We will always associate sourdough bread with the early days of the pandemic, when baking it at home became a global phenomenon. Filmmaker Leora Eisen’s daughter was one of millions who joined the growing trend, and Eisen keenly observed the science behind the loaf. “She nurtured the starter, and I was fascinated by the process as I watched it double in size! I wanted to know how that happened, so I started researching the science involved in fermenting food.” That initial research is what led her to write, direct, and produce Chef Secrets: The Science of Cooking.

From the English countryside to downtown Los Angeles, and into the interior of British Columbia, the mouth-watering documentary takes us all over to explore the biology, chemistry, and physics behind our favourite comfort foods. 

The film interviews a wide range of specialists: Maya Warren, an ice cream scientist; Ali Bouzari, a culinary consultant with a Ph.D. in mashed potatoes; Vanessa Kimbell, the acclaimed British “Queen of Sourdough”; and Andrew George, a First Nations chef whose traditional knowledge goes back seven generations. The stories are weaved together by host Anthony Morgan, a molecular research scientist, whose inquisitive nature brings animation and charm to the science-food doc.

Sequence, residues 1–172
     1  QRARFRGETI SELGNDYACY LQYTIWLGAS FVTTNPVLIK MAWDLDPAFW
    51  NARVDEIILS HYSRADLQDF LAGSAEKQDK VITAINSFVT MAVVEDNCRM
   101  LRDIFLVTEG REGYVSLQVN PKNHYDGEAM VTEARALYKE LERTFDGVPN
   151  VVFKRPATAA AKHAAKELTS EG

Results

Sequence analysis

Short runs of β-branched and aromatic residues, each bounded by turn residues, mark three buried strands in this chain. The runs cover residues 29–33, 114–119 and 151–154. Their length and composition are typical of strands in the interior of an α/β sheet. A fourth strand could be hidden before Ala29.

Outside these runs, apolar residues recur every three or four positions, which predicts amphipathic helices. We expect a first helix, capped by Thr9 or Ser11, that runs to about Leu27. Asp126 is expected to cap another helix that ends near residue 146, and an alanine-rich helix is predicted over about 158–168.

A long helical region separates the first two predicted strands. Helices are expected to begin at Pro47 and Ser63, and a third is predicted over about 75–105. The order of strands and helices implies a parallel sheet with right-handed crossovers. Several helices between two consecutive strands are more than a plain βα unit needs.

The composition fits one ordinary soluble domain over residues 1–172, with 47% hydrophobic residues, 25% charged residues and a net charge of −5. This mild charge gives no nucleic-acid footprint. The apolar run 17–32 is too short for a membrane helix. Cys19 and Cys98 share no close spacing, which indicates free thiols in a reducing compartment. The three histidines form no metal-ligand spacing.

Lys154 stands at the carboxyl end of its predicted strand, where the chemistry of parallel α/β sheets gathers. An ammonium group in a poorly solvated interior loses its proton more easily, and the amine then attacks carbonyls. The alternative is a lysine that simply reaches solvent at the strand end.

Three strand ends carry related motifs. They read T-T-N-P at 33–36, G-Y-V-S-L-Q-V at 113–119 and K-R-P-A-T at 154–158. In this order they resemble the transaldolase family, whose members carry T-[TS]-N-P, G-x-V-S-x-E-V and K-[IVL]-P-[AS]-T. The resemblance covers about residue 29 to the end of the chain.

There are reasons why certain flavour combinations work so much better than others, and the secret often lies in the science. How does the type of wood that a salmon is cooked on determine its taste? What is the “molecular orgy” that happens when we sear meat? These are some of the questions that Eisen’s doc answers.

“We wanted to find recipes and culinary experts to demonstrate cool science concepts, involving chemistry, physics and microbiology. We intentionally chose foods that people might enjoy making in their own kitchens  – everything from vinaigrette salad dressing to fajitas,” says Eisen. Viewers will be inspired to get creative, or experimental, and will never look at the food on their plate the same way.

Understanding the science, also brings to light several cooking tips and tricks. “Lesa Tran Lu, who teaches a popular “Chemistry of Cooking” class at Rice University,  taught us a great hack to speed things up when you caramelize onions: Add just a pinch of baking soda, and it cuts down the cooking time!” says Eisen, explaining how the baking soda changes the pH balance, allowing onions to caramelize faster. Neat.

“Millions of us are now cooking at home more than we did before.  It’s been a strange and stressful time, but the pandemic has prompted some people to rediscover the joy of cooking, and actually take the time to sit down and share meals with loved ones or roommates,” she shares, adding that beyond “comfort food”, there’s been a huge move to plant-based foods. “More of us are trying out alternative sources of protein, eating ‘burgers’ or ‘chicken’ that aren’t actually made from meat. Is that because we’re concerned about our health or climate change, or both? Or just because of increased marketing? It’s hard to know, but I think that’s a trend that will continue post-pandemic.” 

Chef Secrets: The Science of Cooking is premiering on CBC’s The Nature of Things on January 7, and available to watch on CBC Gem.